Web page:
November 21, 2008

The Cancer Patient or The Smoker


She’s a very nice woman. So I’ll blur her identity. Create a pseudonym for her TV show. And get to the meat of the barbecue matter.

I got an email yesterday from a producer (we’ll call her Cassy) of a pilot (we’ll call it Outrageous Outdoors) that will air on a major TV network. So sweet of her to help me publicize my book by making the following offer: Cassy asked me to host an episode where I find a breast cancer patient with a really crappy backyard and surprise her on camera with an outdoor makeover, working with “the big green egg people” to paint the big green egg pink.

Big green egg people? I had no idea what she was talking about. I googled it. The big green egg is a very dinosaur like patio-grilling, meat-smoking machine. I was not quite sure which object was the product placement in this episode: the cancer patient or the smoker?

I had more questions: Is it ethical to out someone on TV as a cancer patient without asking their permission first? My answer: No. Does Cassie care if the patient is not in remission, if they have in-home hospice, are gaunt, pallid, frail, and might not make it to spring to actually use the backyard bistro? Cassie’s answer: Wow, how bittersweet, we’d love to help someone like that. And what about health concerns? I’m no Lola-Granola, but even research from the straight-laced, government funded National Cancer Institute shows links between barbecuing and cancer. Heterocyclic amines (HCAs) are the carcinogenic chemicals formed when barbecuing animal proteins.

I declined the offer. As I snickered at the absurdity and outrage of using cancer patients as the tokens recipients of backyard glitz and glamour, I realized the hypocrisy of my sneer. When I was diagnosed at 27, I dashed off letters to Mac and Sony, portraying myself with the right combo of cancer hip and patient pathetic in hopes of scoring a free laptop or video camera. How can these mega corporations with deep pockets deny a young cancer patient? With a nice little rejection form letter, that’s how. Apparently I wasn’t the only one asking.

So as my last post of Everybody Wants You Week, I ask you:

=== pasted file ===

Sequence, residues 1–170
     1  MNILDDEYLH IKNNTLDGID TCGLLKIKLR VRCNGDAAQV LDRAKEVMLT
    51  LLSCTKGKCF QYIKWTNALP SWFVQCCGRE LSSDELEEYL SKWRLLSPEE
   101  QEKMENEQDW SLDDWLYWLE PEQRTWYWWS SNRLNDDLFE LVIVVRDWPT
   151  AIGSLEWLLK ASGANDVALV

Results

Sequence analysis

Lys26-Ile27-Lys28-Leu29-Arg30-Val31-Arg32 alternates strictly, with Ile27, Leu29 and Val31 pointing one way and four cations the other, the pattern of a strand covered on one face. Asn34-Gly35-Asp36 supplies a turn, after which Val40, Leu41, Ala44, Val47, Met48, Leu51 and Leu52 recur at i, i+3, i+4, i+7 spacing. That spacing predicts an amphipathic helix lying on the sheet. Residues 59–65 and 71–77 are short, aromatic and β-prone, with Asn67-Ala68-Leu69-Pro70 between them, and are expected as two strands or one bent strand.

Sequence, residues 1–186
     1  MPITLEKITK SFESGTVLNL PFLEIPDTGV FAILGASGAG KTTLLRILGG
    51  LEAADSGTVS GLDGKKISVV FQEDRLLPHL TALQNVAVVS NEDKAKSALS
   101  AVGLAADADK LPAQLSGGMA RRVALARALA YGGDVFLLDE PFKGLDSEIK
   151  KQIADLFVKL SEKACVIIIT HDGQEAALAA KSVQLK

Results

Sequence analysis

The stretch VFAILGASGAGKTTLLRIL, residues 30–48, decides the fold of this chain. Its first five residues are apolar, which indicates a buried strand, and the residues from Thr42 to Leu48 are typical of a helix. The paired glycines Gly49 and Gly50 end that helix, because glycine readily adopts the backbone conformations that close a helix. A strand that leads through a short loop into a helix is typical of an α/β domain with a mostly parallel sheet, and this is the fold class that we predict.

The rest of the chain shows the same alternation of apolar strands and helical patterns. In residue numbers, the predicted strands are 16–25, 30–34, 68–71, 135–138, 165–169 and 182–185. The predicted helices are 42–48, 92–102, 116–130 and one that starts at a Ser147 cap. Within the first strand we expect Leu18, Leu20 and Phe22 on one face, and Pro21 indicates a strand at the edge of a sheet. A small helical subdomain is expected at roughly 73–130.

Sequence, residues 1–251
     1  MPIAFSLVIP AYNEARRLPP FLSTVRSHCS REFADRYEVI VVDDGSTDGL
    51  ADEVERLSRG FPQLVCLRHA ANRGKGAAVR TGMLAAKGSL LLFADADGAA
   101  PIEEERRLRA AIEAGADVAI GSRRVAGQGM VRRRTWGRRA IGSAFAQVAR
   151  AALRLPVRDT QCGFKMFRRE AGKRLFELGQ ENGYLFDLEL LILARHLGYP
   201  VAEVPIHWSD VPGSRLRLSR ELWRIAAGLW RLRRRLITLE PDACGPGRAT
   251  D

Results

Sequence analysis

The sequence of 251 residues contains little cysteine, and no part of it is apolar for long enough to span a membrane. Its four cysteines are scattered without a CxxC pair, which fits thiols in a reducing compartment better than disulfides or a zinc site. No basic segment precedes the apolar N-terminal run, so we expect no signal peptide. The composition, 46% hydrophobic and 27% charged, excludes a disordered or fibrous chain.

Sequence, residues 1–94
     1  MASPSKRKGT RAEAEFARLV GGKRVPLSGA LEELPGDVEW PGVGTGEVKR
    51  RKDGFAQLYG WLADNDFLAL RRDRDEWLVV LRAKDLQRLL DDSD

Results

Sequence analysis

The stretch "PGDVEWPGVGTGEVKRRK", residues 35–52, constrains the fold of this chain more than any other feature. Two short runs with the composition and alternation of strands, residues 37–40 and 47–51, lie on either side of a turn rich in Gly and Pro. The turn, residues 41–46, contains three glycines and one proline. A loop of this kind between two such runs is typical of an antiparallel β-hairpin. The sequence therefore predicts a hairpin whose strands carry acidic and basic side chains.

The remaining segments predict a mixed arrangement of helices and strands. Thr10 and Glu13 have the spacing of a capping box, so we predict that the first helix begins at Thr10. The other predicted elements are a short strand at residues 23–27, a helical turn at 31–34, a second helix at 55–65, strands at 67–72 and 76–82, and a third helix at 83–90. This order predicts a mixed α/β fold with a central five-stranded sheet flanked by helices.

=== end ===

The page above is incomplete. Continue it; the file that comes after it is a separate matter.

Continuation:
If a patient ever uses the “cancer card” to get something – gym memberships, video cameras, the ability to use our flashers at the curb instead of parking in the lot – why can’t others use our cancer card to get something too? Is it a fair trade? Is one gifting and the other exploitation? If everybody wants you with a profit motif in mind, is there still a win-win component to it that makes the whole deal kosher? Does this change if the product is carcinogenic, like Estee Lauder products that include ingredients linked to cancer? Or a big green egg? Let me know what you think.

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Comment(s)

  1. Carrie Says:
    November 23rd, 2008 at 8:59 PM

    GREAT blog! Love it!

    You make a good point about “pink washing,” the practice of trying to sell things as supporting breast cancer that actually have been shown to CAUSE breast cancer. Very interesting indeed, and the general public typically has no idea.

    As for your ending question, I feel like I merit getting some free crap out of cancer because I have to do the struggling. This “Cassy” has no struggle with cancer; she does not have to face chemo in order to live. So her and her show benefitting off of someone like myself is… really low!

    If your life is sorta sucking, you deserve some free stuff! And it’s never really BIG stuff, more like free massages or a gym membership for 6 months. It’s not like a dream house or a new car…

    Thanks for stopping by my blog!


  2. Atee Says:
    November 24th, 2008 at 8:13 PM

    The big question I always have with “pink washing” is where the money actually goes. Campbell’s chicken noodle soup was decked out in pink last year during October and despite all the research I did, I could never find out where the money was going.

    That’s not to say all initiatives like this are as opaque. I recently got an email about http://www.shopforcancercures.org. Over 600 online retailers are donating a portion of holiday sales to cancer research – via the Cancer Research Alliance, which apparently supports cancer centers directly. It’s not exactly free stuff for individuals – except free shipping! But compared to pink washing it seems like a more responsible way for companies to donate money to the cause. (I just bought a new laptop case via Amazon on the site, and some RAM for my laptop.)

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